The tribute concert, hosted by Louis Gossett Jr. and Jamie Foxx, included Hancock's "Hang Up Your Hang Ups, "Cantaloupe Island, "Rockit, "Butterfly, "Watermelon Man and Monk's "'Round Midnight. Guitarist George Benson, pianist George Duke, the Debbie Allen Dancers, trumpeter Roy Hargrove, saxophonist Bennie Maupin, and flutist Hubert Laws all contributed something of musical value to this portion of the concert while numerous other Hancock acquaintances showed up to pay their respects. The ballad presentation of "'Round Midnight by Nancy Wilson and Terence Blanchard had a strong emotional impact that must have affected everyone in the house. As the camera swung to Hancock, Wayne Shorter and their families, you could see the delight on their faces.

Despite several miscues in lighting and a few problems with feedback, the concert fared well. Quincy Jones presented the institute's inaugural Herbie Hancock Humanitarian Award to the night's guest of honor, and then he renewed ties with old friends. Wayne Shorter, Joni Mitchell and Sting added their best wishes, and the evening concluded with a jam session that brought almost everyone back together for a performance of Hancock's "Chameleon.'

For the semifinal competition on Saturday at UCLA's Schoenberg Hall, each of the 10 trumpeters had 15 minutes to perform with the piano trio of Keezer, Veal and Allen. Each trumpeter showed plenty of class through three songs that offered variety—including slow ballads and hard-driving bebop—to allow audience and judges to hear strengths and weaknesses. Many of the songs were originals, which provided further adventure. Surprisingly, the ten competitors behaved like professionals, all appearing quite at ease in front of an audience.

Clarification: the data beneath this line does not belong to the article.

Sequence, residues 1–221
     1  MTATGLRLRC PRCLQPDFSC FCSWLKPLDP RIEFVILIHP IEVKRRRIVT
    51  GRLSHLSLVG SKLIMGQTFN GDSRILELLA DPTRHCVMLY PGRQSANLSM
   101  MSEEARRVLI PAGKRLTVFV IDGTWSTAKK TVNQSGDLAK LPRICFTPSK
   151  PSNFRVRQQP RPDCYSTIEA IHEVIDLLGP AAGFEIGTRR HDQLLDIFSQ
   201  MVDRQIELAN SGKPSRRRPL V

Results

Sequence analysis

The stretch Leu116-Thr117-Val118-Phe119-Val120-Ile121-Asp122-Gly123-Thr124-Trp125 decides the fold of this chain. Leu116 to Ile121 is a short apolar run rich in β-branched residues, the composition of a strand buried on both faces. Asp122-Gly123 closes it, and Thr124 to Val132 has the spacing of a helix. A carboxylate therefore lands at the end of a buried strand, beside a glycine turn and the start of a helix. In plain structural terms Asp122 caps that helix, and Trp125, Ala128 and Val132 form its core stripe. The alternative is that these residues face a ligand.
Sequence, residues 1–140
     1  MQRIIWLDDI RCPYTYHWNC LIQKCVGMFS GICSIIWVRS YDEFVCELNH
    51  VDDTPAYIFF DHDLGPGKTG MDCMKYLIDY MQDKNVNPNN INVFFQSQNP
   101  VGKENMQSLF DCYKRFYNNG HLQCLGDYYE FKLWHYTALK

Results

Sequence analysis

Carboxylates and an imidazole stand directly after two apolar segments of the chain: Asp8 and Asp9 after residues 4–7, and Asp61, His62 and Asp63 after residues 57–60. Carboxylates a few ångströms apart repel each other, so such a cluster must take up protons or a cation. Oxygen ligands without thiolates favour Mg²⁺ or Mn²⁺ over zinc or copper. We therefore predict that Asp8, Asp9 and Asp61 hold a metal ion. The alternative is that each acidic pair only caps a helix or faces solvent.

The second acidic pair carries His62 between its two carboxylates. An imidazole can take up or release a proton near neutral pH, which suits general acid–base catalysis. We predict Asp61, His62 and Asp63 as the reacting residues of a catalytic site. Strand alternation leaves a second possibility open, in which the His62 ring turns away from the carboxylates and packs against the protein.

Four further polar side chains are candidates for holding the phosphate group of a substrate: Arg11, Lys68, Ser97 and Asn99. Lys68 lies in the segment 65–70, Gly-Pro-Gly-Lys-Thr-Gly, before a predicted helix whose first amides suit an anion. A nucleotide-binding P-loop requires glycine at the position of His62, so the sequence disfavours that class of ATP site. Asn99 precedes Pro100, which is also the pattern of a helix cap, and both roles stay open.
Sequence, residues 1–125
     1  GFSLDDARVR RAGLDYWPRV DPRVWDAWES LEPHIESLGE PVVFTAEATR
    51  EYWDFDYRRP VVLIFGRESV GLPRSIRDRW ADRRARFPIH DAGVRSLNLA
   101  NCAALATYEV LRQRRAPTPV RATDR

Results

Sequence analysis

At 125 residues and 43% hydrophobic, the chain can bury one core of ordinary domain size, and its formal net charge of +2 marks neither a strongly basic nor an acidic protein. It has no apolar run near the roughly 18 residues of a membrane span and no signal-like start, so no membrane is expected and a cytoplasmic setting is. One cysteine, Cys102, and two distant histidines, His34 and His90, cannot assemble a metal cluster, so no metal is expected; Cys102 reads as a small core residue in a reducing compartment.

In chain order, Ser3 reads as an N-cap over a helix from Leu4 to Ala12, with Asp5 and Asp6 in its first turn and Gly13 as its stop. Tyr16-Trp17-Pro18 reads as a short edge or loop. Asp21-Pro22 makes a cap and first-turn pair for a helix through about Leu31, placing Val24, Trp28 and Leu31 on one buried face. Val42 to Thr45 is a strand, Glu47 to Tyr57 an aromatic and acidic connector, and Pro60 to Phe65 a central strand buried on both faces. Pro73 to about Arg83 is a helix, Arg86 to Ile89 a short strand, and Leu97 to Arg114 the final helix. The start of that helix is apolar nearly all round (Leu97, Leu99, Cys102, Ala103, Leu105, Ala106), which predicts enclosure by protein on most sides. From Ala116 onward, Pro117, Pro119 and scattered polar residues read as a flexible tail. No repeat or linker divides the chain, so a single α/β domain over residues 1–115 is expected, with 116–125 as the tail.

Semifinalist Rodriguez showed off his rich tone and warm and bright side, topping off his 15 minutes with Freddie Hubbard's "Up Jumped Spring. Tobias Kaemmerer displayed a pure open tone with plenty of strength as he drove hard and then settled down with a ballad standard. His lower register was full if not wide open, exhibiting range mastery, but his rather stiff sense of swing held him back. Maurice Brown played Erroll Garner's "Misty, but without the expected warmth that usually accompanies that particular piece. He pushed hard, and it was good to see how well all the semifinalists worked with the piano, since they had only a brief period of practice with their accompaniment.